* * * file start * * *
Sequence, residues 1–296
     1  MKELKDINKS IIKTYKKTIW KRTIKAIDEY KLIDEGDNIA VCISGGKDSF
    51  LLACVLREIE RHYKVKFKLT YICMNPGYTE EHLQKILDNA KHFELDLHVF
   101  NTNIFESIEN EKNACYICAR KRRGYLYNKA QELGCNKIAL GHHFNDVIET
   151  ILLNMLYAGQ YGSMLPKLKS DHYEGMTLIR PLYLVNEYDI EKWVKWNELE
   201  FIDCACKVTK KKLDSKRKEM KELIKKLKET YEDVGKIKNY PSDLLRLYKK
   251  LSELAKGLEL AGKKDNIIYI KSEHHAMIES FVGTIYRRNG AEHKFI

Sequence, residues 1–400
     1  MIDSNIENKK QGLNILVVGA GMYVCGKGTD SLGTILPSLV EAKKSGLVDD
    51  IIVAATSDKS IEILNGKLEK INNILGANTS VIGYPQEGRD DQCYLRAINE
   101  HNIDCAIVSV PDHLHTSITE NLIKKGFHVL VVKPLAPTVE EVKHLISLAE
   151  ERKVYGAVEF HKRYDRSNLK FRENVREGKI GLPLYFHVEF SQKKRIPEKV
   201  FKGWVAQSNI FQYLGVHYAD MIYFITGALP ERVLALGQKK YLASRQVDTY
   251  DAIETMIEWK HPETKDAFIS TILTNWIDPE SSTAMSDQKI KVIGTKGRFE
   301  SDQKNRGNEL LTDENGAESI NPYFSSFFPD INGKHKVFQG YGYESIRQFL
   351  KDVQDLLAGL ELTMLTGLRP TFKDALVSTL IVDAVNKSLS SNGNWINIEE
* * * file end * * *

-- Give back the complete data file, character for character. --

Sequence, residues 1–296
     1  MKELKDINKS IIKTYKKTIW KRTIKAIDEY KLIDEGDNIA VCISGGKDSF
    51  LLACVLREIE RHYKVKFKLT YICMNPGYTE EHLQKILDNA KHFELDLHVF
   101  NTNIFESIEN EKNACYICAR KRRGYLYNKA QELGCNKIAL GHHFNDVIET
   151  ILLNMLYAGQ YGSMLPKLKS DHYEGMTLIR PLYLVNEYDI EKWVKWNELE
   201  FIDCACKVTK KKLDSKRKEM KELIKKLKET YEDVGKIKNY PSDLLRLYKK
   251  LSELAKGLEL AGKKDNIIYI KSEHHAMIES FVGTIYRRNG AEHKFI

Sequence, residues 1–400
     1  MIDSNIENKK QGLNILVVGA GMYVCGKGTD SLGTILPSLV EAKKSGLVDD
    51  IIVAATSDKS IEILNGKLEK INNILGANTS VIGYPQEGRD DQCYLRAINE
   101  HNIDCAIVSV PDHLHTSITE NLIKKGFHVL VVKPLAPTVE EVKHLISLAE
   151  ERKVYGAVEF HKRYDRSNLK FRENVREGKI GLPLYFHVEF SQKKRIPEKV
   201  FKGWVAQSNI FQYLGVHYAD MIYFITGALP ERVLALGQKK YLASRQVDTY
   251  DAIETMIEWK HPETKDAFIS TILTNWIDPE SSTAMSDQKI KVIGTKGRFE
   301  SDQKNRGNEL LTDENGAESI NPYFSSFFPD INGKHKVFQG YGYESIRQFL
   351  KDVQDLLAGL ELTMLTGLRP TFKDALVSTL IVDAVNKSLS SNGNWINIEE